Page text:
Portugal slides towards bond pariah
London/Lisbon - Portugal’s slide towards becoming the next Greece - needing a second bailout to avoid chaotic bankruptcy - geared up a notch on Monday as untrusting underwriters hiked the cost of insuring Lisbon’s bonds to new highs and insisted it be paid up front.
Business and consumer confidence also hit record lows, the latter battered by the lower salaries and across-the-board tax hikes that were part of Portugal’s painful austerity programme.
Banks and others offering default insurance to holders of Portuguese sovereign debt have begun demanding huge up-front payments rather than allowing costs to be spread over the term of the contract.
On Monday, this meant that it cost a whopping €3.95m euros to insure €10m in bonds over five years, payable now. It made Portugal the second-highest sovereign to insure in the world, after Greece, and implied a huge lack of confidence in market circles about Lisbon’s future.
Portuguese bonds have come under particularly intense pressure from investors after Standard & Poor’s downgraded 15 eurozone countries earlier in January, putting Portugal in the “junk” category.
That shuts it out from tapping capital markets in the forseeable future and makes its task of meeting future debt repayments tough. Portugal’s already soaring 10-year bond yields surged on Monday to just under 16 percent, more than twice the level that is generally considered unsustainable.
This all adds up to expectations that Lisbon will have to get a second bailout from the European Union and International Monetary Fund to go with the €78bn package it has already been handed.
There is also increasing concern that Portugal will be forced to restructure its debt like Greece, even though its debt levels of around 105% of gross domestic product are much lower than Greek ones.
Lack of confidence
The decline in business and consumer confidence reflected both Portugal’s dire economic condition and the pain of austerity imposed as a condition of the first bailout.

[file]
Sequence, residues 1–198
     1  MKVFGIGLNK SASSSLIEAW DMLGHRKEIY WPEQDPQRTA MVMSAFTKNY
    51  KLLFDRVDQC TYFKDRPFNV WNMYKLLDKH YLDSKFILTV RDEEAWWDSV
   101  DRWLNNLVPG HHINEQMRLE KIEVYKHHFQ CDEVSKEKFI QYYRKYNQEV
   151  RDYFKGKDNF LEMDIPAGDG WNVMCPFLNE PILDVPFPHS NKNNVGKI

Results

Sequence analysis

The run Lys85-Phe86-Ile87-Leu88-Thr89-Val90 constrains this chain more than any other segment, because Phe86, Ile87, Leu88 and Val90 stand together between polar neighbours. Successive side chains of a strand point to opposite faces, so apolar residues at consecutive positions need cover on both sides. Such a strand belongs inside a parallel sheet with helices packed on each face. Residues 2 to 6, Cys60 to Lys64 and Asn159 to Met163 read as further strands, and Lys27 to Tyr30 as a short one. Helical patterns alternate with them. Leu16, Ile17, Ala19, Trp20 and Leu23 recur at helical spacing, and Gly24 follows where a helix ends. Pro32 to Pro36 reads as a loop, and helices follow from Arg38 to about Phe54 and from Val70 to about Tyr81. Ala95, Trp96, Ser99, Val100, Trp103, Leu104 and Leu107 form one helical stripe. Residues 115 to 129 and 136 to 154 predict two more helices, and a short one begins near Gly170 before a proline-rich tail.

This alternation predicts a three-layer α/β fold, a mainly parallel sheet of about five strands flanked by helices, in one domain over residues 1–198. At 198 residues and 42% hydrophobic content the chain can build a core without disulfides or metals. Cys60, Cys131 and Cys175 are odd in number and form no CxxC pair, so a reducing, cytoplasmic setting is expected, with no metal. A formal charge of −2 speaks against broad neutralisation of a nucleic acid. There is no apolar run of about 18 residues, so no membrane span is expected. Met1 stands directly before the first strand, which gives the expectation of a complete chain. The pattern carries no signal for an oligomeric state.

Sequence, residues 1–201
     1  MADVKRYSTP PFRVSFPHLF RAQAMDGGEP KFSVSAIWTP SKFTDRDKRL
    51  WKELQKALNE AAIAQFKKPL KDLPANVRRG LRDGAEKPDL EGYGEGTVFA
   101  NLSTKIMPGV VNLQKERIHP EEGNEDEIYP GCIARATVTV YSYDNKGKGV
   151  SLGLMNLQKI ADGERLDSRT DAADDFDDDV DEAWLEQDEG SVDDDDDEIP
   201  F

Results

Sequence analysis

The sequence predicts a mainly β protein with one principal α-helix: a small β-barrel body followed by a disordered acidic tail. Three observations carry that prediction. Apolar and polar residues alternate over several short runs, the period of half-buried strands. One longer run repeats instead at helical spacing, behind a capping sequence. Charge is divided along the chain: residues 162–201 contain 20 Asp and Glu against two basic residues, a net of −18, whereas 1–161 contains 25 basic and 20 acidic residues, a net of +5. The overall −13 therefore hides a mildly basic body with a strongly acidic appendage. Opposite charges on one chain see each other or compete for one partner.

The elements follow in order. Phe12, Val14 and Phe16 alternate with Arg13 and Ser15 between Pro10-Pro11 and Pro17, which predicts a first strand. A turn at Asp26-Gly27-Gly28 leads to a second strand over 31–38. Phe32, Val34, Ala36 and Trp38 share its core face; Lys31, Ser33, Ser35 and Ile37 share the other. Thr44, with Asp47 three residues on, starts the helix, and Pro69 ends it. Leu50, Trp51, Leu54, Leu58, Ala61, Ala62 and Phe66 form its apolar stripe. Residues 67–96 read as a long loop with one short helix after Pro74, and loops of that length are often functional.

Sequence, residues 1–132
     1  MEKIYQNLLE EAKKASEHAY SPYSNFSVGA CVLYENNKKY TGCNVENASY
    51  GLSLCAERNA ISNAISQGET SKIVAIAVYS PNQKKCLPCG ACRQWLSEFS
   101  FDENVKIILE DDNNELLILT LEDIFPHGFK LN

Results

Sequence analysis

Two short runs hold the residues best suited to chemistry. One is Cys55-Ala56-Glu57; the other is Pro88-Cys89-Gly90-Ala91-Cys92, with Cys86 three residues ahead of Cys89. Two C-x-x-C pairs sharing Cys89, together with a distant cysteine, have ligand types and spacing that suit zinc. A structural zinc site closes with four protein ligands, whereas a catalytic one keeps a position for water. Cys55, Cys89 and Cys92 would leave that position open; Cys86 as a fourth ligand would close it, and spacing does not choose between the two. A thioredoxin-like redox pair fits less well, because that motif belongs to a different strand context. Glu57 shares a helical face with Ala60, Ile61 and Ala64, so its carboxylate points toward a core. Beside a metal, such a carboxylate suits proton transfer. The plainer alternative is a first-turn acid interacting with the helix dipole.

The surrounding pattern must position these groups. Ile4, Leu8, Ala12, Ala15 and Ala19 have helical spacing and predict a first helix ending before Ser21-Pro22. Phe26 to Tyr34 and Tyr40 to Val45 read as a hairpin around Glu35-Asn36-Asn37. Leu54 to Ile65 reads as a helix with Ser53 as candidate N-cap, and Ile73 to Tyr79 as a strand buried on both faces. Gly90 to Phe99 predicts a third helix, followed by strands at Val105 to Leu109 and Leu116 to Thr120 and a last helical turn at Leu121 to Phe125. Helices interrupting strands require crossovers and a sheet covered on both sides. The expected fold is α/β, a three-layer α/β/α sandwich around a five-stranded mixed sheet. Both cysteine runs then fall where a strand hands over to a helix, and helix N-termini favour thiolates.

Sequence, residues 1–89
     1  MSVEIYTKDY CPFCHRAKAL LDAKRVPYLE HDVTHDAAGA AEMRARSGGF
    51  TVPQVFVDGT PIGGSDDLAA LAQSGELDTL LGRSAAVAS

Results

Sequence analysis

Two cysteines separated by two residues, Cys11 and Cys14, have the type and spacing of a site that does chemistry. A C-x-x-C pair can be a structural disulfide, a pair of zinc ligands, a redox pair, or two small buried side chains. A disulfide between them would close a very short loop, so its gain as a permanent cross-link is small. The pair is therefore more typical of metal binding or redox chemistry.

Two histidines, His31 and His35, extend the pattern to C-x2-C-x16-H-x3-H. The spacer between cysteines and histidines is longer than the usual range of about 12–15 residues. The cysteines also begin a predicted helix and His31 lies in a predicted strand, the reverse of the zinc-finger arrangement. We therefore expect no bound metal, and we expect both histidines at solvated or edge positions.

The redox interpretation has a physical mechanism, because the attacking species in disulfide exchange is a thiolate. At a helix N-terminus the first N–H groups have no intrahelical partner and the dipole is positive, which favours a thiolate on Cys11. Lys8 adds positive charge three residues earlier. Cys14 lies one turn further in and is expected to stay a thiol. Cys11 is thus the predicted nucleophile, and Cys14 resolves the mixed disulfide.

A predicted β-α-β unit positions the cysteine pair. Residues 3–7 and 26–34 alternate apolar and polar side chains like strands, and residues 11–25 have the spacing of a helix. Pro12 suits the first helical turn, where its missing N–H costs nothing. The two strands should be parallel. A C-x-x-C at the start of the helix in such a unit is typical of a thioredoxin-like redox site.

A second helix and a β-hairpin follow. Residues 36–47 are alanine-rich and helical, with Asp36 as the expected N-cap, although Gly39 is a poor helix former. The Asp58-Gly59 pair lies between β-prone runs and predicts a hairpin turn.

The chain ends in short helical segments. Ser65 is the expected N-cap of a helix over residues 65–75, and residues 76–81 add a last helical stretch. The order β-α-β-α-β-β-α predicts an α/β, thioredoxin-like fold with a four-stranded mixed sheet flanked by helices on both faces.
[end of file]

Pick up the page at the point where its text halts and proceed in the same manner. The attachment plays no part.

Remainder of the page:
The economic climate indicator, which measures business confidence, slumped to minus 4.7 in January from minus 4.4 in December, the National Statistics Institute said. A year ago it stood at plus 1.6.
INE said its consumer confidence indicator fell to a negative reading of 57.1 in January - also the lowest on record - after minus 56.8 in December.
“For consumers, we couldn’t expect anything else, the start of the year brought more unemployment and higher taxes and obviously that is reflected in confidence,” said Filipe Garcia, economist at Informacao de Mercados Financeiros.
Meanwhile, the demand for so-called up-front payments on bond insurance policies, or credit defaults swaps (CDS) showed a growing distrust among banks of Portugal’s ability to pay its debts.
Prices are quoted up front when they reach extreme levels and require the buyer of protection to pay a single lump sum instead of annual premiums.
Up-front payments for Greece began in September last year.
If quoted on a normal annual payment basis, the CDS premium on Portugal would be around 1 428 basis points, or €1.4m a year for €10m in insurance.
That compares to just 90 basis points or the equivalent German bond insurance.
But the banks want it up front now.